Senate Bill 248 allows cities this choice, according to Finance Director Keith Dagen, who appeared before City Council on Nov. 18 to discuss this change. At the time that bill was passed in 2002, Richardson opted to continue taxation, Dagen added.
The practice of levying a property tax on personal-use leased vehicles has become less common. Of the 13 cities in North Texas that are most comparable to Richardson, eight choose to exempt these vehicles from taxation, Dagen said. Those cities include Allen, Arlington, Dallas, Fort Worth, Grand Prairie, Irving, McKinney and Plano.
Council members expressed mixed feelings about the practice. While most agreed that the tax unfairly penalizes citizens who choose to lease over buy, some argued that in the era of Senate Bill 2—which caps the amount of property tax dollars cities can collect—every little bit of added revenue is needed to sustain the city’s budget.
In Richardson, personal-use leased vehicles brought in $404,324 in property tax revenue in fiscal year 2019-20, Dagen said. Leasing companies subsidize this taxation by building the cost into leasing agreements, he added.
Property taxes collected on leased vehicles can help support road infrastructure maintenance, Mayor Paul Voelker said. Still, he expressed discontent with the fact that purchased vehicles are exempt from property taxes.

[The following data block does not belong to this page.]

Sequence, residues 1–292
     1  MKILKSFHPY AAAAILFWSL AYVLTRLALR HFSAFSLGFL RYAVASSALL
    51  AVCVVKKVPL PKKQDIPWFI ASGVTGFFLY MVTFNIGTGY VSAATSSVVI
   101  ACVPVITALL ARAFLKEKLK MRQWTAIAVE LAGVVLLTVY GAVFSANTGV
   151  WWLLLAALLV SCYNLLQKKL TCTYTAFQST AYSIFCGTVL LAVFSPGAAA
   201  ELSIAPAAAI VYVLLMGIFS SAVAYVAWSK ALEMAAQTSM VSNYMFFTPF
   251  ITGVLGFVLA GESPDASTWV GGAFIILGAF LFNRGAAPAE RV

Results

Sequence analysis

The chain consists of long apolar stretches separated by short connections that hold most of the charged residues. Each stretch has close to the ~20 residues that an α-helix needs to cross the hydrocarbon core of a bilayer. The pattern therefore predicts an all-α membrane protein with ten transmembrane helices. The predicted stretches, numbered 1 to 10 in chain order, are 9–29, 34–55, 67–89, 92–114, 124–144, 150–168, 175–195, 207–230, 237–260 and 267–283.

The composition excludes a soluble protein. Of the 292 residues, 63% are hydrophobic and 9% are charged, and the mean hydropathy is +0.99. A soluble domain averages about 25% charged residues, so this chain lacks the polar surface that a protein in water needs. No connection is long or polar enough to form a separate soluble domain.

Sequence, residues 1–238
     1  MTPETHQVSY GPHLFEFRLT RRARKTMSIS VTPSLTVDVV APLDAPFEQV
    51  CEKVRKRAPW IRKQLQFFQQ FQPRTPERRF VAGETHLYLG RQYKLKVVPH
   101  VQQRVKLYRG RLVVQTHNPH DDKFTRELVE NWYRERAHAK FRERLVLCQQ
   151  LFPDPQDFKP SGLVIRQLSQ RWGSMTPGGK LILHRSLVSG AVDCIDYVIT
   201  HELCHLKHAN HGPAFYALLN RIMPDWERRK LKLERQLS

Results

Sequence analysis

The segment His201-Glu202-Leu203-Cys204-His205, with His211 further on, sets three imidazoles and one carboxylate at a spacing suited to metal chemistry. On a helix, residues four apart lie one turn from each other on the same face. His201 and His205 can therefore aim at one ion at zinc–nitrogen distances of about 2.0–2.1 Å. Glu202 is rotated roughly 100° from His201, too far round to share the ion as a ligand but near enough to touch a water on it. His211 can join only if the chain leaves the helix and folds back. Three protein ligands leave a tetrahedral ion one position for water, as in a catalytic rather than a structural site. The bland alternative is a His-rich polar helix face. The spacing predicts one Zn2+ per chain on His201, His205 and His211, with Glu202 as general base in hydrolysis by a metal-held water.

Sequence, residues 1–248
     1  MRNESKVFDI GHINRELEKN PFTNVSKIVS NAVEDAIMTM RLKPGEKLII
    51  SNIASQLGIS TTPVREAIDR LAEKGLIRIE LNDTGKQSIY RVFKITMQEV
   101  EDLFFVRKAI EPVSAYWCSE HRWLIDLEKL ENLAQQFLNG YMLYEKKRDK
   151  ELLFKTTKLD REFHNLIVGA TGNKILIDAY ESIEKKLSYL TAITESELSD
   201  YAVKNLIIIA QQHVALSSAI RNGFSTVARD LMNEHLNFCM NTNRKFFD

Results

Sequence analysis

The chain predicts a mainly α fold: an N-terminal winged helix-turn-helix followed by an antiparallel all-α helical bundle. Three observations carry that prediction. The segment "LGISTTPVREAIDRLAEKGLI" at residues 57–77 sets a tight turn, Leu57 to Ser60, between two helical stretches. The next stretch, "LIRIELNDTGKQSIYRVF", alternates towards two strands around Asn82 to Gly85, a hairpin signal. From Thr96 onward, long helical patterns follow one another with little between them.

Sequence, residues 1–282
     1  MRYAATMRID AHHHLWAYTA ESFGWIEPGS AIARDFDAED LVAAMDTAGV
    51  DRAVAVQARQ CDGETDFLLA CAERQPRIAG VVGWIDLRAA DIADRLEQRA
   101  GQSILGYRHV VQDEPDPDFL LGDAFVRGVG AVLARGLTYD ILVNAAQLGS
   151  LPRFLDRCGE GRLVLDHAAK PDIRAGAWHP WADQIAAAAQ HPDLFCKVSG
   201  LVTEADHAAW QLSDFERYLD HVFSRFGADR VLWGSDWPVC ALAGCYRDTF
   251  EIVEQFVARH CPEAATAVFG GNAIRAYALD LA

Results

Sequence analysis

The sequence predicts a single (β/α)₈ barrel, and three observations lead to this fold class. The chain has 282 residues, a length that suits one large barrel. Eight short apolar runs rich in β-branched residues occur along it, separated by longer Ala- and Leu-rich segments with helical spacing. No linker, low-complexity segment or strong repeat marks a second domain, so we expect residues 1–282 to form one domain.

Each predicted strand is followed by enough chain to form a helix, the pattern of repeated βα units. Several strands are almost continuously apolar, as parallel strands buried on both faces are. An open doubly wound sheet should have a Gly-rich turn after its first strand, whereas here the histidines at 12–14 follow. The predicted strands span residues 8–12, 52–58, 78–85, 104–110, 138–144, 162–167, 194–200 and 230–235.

“I find it ironic that the actual thing that causes the road to be deteriorated we don’t get tax revenue from,” he said.
If council chooses to exempt personal-use leased vehicles from taxation, it would have to pass an ordinance, City Manager Dan Johnson said. Once this change is made, it cannot be rescinded, Johnson added.
The ordinance, if ratified, would not affect the property tax levied on commercial leased vehicles, which in fiscal year 2019-20 produced a revenue of $10.5 million, Dagen said.
The Collin County Appraisal District has asked for a decision on the change by July 1, Dagen said. An earlier deadline of Jan. 1 has been set by the Dallas County Appraisal District due to the extensive programming required to make the change, Dagen said.